by Business Standard, March 17th, 2011.
Sharing 26 per cent profit can be 100 per cent misery.
The hare-brained provision in the proposed Mines and Minerals (Development & Regulation) Bill, 2010, binding companies to share 26 per cent of net profit with the local population, is only one of the many serious problems with the proposed bill. The idea of such profit sharing is inherently uncertain, unfair, and cannot be easily monitored by the community. There are many other ways through which a community of stakeholders can be benefited that would be easier to implement and would be fairer too. The principle problem with the proposal is that there are many ways by which companies can fudge net profits. These methods are not necessarily illegal. Two, profitability is impacted by many factors, product prices, changing technologies, efficiency of management being some well-known ones; and beneficiaries from the local community could be adversely impacted by these factors. Three, there are large variations in annual profits, which bring in unnecessary uncertainty in the benefits to the community. It is not clear how such an abominable idea could go through the many layers of consideration in government. Especially when there are so many better alternatives that are more fair to the community, investors, and are easier to implement.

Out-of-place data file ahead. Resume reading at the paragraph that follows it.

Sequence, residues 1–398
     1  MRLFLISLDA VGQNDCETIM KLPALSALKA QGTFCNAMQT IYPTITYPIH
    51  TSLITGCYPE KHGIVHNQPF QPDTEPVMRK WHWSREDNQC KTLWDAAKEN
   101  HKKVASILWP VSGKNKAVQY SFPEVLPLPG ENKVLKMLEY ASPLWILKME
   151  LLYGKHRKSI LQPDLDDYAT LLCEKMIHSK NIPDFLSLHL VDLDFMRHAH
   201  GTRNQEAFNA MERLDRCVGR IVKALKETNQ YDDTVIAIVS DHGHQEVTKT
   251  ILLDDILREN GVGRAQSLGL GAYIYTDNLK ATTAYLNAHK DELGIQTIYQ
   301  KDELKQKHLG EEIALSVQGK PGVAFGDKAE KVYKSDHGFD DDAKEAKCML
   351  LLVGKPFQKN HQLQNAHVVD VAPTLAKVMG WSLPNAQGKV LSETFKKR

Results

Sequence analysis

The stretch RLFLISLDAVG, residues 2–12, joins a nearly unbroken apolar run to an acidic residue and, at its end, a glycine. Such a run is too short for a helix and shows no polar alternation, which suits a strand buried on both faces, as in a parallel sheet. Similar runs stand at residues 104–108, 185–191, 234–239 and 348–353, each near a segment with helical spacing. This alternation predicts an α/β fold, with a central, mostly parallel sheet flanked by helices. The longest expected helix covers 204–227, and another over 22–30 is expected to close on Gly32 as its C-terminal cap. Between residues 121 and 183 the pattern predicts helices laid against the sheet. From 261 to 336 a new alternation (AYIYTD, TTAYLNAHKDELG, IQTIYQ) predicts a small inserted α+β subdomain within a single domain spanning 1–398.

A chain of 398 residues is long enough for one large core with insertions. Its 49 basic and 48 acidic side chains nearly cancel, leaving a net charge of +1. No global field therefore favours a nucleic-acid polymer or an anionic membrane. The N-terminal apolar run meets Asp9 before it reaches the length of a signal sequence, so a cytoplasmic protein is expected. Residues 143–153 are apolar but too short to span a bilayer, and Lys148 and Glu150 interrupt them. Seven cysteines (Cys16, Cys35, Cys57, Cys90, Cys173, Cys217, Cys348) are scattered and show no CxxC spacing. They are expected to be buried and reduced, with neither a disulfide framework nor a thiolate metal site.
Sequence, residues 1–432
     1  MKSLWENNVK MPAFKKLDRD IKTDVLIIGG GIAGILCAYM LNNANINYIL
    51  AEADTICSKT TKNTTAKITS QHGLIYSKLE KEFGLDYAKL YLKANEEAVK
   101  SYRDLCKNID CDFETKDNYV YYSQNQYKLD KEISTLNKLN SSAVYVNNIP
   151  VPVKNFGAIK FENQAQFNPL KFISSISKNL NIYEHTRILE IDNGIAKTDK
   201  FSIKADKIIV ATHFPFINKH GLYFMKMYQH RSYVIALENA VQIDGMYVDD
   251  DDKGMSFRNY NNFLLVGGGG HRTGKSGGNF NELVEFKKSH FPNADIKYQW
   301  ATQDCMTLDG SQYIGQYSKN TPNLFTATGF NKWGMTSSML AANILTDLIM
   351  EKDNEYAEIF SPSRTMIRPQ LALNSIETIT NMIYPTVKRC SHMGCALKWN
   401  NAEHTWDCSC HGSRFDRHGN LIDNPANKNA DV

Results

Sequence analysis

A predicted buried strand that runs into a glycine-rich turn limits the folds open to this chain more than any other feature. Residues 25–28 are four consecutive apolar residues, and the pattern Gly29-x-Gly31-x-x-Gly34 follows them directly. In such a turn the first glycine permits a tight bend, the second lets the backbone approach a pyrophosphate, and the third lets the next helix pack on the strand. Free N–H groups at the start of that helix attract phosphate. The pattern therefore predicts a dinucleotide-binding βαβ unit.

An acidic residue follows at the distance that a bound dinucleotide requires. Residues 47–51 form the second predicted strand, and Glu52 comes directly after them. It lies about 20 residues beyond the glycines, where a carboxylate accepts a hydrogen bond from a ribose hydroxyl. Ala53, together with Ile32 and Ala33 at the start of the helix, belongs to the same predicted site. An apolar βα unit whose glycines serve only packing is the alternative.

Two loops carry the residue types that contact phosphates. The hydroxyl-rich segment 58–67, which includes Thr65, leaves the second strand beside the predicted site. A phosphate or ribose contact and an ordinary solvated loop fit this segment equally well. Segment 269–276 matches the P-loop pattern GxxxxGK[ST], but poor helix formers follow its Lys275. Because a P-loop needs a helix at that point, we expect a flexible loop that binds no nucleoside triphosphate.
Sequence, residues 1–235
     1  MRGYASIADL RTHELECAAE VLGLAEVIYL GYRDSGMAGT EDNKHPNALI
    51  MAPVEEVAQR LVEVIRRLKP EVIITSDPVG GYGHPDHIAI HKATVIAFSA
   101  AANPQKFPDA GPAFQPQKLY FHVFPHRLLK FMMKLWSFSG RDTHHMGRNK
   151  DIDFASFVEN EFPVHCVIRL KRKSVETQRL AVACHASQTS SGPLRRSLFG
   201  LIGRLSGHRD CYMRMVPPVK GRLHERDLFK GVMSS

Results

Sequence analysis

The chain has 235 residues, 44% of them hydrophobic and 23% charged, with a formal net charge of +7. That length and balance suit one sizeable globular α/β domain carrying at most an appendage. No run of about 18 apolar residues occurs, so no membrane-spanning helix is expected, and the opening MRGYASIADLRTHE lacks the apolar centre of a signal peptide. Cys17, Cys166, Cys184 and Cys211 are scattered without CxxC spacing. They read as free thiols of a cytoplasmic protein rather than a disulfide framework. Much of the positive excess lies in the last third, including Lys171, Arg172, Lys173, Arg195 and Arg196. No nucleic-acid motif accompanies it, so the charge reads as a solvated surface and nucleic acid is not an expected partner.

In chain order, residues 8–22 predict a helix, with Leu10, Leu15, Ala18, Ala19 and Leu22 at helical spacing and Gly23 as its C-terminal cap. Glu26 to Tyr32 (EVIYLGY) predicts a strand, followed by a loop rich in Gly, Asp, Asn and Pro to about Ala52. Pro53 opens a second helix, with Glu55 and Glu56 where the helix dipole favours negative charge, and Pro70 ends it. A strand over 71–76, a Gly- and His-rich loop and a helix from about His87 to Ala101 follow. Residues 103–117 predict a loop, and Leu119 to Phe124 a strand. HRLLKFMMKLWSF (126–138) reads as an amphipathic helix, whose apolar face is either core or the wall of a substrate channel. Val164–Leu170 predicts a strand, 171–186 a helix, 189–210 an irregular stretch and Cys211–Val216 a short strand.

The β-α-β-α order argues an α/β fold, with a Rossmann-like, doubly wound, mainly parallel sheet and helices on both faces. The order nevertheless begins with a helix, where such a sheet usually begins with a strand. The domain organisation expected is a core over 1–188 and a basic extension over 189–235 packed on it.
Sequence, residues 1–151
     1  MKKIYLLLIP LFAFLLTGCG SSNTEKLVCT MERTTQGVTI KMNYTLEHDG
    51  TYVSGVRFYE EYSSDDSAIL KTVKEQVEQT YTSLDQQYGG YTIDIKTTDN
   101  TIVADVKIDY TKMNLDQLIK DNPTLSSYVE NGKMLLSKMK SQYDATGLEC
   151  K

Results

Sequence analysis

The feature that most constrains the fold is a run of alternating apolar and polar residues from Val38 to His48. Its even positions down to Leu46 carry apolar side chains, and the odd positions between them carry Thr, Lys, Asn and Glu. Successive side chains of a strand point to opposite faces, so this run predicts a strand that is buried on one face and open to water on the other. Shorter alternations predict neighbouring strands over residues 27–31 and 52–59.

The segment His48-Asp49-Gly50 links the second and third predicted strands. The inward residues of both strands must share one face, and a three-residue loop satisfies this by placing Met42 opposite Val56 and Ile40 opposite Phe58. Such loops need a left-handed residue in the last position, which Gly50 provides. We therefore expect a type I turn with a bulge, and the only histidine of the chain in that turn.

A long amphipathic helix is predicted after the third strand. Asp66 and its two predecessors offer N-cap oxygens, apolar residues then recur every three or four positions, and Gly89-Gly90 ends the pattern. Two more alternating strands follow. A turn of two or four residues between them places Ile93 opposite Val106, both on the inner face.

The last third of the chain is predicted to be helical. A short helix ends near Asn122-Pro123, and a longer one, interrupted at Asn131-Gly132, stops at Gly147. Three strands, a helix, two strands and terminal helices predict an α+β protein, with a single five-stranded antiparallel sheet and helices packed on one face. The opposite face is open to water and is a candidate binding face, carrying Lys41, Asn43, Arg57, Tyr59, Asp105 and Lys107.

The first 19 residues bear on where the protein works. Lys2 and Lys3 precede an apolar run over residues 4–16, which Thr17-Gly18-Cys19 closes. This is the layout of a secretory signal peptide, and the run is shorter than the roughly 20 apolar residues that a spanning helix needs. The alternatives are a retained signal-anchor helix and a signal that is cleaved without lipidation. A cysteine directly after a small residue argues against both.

Take royalties for instance. The current problem with royalties shared with the state governments is that the basis for putting a rupee value to the output is highly flawed. But this can be corrected. A long-term average international price is available for all types of commodities. Such a system would be more transparent, be less affected by the efficiency of the firm, be more easily monitored by the community, and one can have more frequent transfers to the community (monthly or even weekly based on mining output) rather than waiting for annual audited profit calculations. But sharing royalties, though far better than profits, is still not ideal. Such sharing schemes are impacted by the number of beneficiaries in the local community. High population concentration areas would have lower benefits per person covered and those with lower concentrations would have higher benefits. (continue reading… )